What does being healthy and happy mean to you? Perhaps you feel it’s got something to do with your outer appearance, or maybe you’d like to be less sad or anxious. Whatever your interpretation of those two words, healthy and happy, I’ll guarantee the answer isn’t as simple as you think it might be. Life doesn’t work like that because if it did, as soon as the ‘gift’ you wished for had arrived you’d no longer be looking for the next thing to make whatever ails you better. Let’s face it happiness isn’t delivered by Santa or by the latest gadget or must-have look.
I know I don’t drink enough water during the day, particularly when I’m working. I set out with the best of intentions to do so, but even with the glass at my side I forget it’s there because I’m so absorbed in what I’m doing. And sometimes, it can be 2 or 3 hours before I suddenly realise I’m thirsty.
I realise the title of this post is likely to raise a few eyebrows at the very least, and perhaps it will even cause some to say ‘illness, an illusion? I think not!’ in some indignation so I’d ask you to hold off on a reaction while I put the statement into context.
Back when I was child I genuinely believed that when my mother kissed my knee to make it better, she did actually do that. And as I grew older although that belief faded away in the light of the obvious ‘fact’ of the medical model, it never truly disappeared. Time and again I would reflect on what it meant to be healthy and when my own health challenges began in my mid-teens, some part of me always knew that my mother’s kiss held meaning.
Like everyone, I assume I’ll live forever. Although I often wonder whether anyone would come to my funeral and who would wear black, it never actually occurrs to me that there is an endpoint. It’s almost as if I would come along too to watch proceedings running smoothly and along the lines I wanted.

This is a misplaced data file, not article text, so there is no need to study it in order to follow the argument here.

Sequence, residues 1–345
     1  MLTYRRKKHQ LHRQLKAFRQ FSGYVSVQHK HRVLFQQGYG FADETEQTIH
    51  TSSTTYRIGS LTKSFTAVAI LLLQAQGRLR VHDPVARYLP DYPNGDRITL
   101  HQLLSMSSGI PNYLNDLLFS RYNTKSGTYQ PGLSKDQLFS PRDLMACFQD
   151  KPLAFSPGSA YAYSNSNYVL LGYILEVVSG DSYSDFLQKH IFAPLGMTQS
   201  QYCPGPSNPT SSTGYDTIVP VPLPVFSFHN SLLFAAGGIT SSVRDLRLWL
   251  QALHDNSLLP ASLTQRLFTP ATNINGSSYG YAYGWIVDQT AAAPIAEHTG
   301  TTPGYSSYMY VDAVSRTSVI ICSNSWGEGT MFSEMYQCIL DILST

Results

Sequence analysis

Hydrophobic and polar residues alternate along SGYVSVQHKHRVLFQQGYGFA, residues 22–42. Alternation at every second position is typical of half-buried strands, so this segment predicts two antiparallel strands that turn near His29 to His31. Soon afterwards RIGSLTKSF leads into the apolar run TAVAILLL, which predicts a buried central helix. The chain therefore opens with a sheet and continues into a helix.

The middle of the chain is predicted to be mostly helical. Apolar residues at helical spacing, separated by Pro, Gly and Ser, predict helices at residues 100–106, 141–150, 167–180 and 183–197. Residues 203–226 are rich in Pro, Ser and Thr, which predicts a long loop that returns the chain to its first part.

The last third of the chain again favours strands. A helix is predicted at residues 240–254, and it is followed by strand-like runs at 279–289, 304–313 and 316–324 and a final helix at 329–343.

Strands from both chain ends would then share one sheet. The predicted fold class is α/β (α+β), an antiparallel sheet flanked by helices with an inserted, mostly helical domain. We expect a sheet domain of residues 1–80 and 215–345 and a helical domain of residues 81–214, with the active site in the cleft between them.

Poverty, alongside topics like coronavirus, Trump, and climate change, is a pretty constant topic across the media these days. We endlessly debate the ethics of allowing children at home and abroad to go hungry, or what society can do about homelessness or the highly visible need for food banks. But one area of poverty we rarely hear about, and consequently regularly overlook, is that of ‘period poverty’.
I was sent this recipe from Richa who says “I have had this drink throughout my recovery after having hysterectomy and It really has helped me so much especially with the initial constipation I had post surgery.”
Hi I’m 53 years old and have three children, here’s my hysterectomy story. After giving birth to my second and third children in 1999 and 2005, I had problems with my pelvic floor and had received NHS physio sessions to improve it, which it did a bit. In my late forties I took up running after discovering the NHS Couch to 5K and loved it.
My wife (now 65) has had a number of minor medical problems, both mental and physical, especially after reaching 40, and when she started having panic attacks, for which no-one could provide a positive reason or cure, she finally resorted to drugs, such as sertraline, much against her natural inclination.